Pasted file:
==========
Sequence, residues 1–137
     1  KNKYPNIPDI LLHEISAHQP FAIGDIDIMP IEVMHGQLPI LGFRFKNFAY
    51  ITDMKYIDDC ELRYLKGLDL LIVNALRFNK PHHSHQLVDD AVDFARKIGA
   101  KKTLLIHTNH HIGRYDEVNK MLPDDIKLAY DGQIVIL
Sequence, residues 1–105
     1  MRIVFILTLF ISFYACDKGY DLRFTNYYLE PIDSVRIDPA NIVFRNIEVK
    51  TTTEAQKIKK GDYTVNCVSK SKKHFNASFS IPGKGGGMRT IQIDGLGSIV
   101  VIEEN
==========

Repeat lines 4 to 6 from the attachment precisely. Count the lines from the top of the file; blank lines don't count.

   101  KKTLLIHTNH HIGRYDEVNK MLPDDIKLAY DGQIVIL
Sequence, residues 1–105
     1  MRIVFILTLF ISFYACDKGY DLRFTNYYLE PIDSVRIDPA NIVFRNIEVK